Birmingham prison riot: Government was warned two months ago

The British Government was told two months ago that it needed to act to prevent vulnerable prison officers from being attacked by inmates, according to a report which has emerged from the independent monitoring board. Just days after the HMP Birmingham riots, the report details show warnings were issued about the danger posed by the prevalence of psychoactive drugs within jails.

The report found that prison officers were fearful for their personal safety because of prisoners intoxicated on Black Mamba, one of a number of illegal psychoactive drugs rife within jails. On Friday, hundreds of prisoners rioted at Birmingham jail, which is the third largest in Britain. There had not been another riot like it since 1990 when unrest broke out at Strangeways.

A specialist Tornado Squad, consisting of former SAS officers, was sent in to restore order as hundreds of prisoners went on the rampage for 12 hours, taking over prison wings, the pharmacy, gym and exercise yard. Fires were set and paint thrown at officers sent in to take back control.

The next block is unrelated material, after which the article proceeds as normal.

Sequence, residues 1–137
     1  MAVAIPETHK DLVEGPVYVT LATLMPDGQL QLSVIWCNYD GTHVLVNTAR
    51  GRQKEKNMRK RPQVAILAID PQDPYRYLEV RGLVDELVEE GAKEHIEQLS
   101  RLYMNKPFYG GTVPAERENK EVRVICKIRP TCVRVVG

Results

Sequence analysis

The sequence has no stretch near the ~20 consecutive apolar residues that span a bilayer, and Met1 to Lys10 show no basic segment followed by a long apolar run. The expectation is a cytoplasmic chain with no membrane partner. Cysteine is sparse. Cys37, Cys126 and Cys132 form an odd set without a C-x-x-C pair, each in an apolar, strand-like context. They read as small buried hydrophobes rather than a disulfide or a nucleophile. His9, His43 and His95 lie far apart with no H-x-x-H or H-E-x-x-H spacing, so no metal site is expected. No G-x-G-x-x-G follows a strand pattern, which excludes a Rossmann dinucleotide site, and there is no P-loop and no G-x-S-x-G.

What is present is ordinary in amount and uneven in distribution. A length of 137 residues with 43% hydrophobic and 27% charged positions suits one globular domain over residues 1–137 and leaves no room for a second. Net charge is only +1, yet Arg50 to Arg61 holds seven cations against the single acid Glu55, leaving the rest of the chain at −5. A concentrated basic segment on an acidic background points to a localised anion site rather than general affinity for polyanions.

Warnings

The mass riot followed a number of warnings that the prison service can no longer cope because of low staff numbers and an increase in violence within jails. Following the riot in Birmgham, Hull prison was also reported to be facing disorder after 15 prisoners were transferred there from Birmingham. One of the prisoners is understood to have been one of the ringleaders in the riots, having launched an attack on a senior prison officer.

There are now fears that widespread copycat riots could break out. Mike Rolfe, chairman of the Prison Officers’ Association, said that unless urgent action was taken, then it was only a matter of time before a prison officer suffered serious injuries, or even death, in violence instigated by inmates. Prison officers have already launched walkouts about staffing levels in jails.

 

 

 



Judith is a qualified journalist who has worked in both the UK and the US, specialising in writing about politics, education and health.